The PA Report article says something very similar, that the problem isn’t that art and games like this exist, but that alternative depictions are under-represented. That sounds familiar, I think I made that same point above.

      The problem with this exchange between Jason and the artist is that Jason took it upon himself to fight a battle he didn’t understand that turned out to be the wrong battle. Again, the problem isn’t that art like this exists, because it has every right to. The problem is that more realistic portrayals are under-represented. You don’t fix that problem by attacking artists who do over-represented art, and Jason should have known better, if he hadn’t been so eager to make a public display of how gender-conscious he thinks he is and make an article out of it.

      • I agree with you, Zombie. It seemed more like a Kotaku ego boost, at belittling the artist and striking up ratings under the ”sex issue” card at someone else’s expense. That isn’t journalism. Journalism was never about humiliating the persons involved when writing or researching a story. It all seemed a little too personal, to which I think if the story was going to be run with, it should have been someone more clear-headed than Jason at the time. This is why to a lot Kotaku is perceived as a joke, it’s conventions & etiquette like this that seem to fall through the cracks just because it’s a news site that follows a topic that’s considerably more casual than world affairs.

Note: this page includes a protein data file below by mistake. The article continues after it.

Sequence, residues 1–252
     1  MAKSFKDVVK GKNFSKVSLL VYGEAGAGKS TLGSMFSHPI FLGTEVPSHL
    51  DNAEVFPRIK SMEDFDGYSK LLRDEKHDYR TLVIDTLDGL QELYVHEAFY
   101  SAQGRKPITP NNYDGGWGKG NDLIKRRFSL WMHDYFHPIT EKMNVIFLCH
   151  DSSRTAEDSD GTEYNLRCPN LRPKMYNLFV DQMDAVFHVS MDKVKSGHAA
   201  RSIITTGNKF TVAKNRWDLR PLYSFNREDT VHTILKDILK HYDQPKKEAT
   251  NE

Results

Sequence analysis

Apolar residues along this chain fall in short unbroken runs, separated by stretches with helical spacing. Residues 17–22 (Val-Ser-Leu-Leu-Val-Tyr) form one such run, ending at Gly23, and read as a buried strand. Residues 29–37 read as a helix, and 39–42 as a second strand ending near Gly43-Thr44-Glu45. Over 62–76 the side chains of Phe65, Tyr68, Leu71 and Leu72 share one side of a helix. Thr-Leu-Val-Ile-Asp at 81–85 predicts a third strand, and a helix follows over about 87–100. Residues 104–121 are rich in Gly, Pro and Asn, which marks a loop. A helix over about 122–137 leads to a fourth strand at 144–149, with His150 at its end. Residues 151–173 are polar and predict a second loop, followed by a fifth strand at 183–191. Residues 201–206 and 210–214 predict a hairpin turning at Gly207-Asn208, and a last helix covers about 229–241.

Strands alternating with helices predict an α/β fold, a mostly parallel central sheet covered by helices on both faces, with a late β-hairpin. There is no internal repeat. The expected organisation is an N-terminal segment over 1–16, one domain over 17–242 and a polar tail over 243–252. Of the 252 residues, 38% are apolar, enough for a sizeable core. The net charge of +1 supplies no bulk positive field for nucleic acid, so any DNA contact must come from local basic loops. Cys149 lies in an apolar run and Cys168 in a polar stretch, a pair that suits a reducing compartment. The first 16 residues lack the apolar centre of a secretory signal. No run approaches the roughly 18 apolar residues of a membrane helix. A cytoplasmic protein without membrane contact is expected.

In addition, editor in chief, Stephen Totilo then made this remark on Twitter:

        https://twitter.com/stephentotilo/status/327207200642719744

        ”Dragon’s Crown, I’m puzzled by claim Jason didn’t apologize for his ’14-year-old’ jab, given that he wrote “I apologize for the insult.”

        So disingenuous apologies make everything better, do they?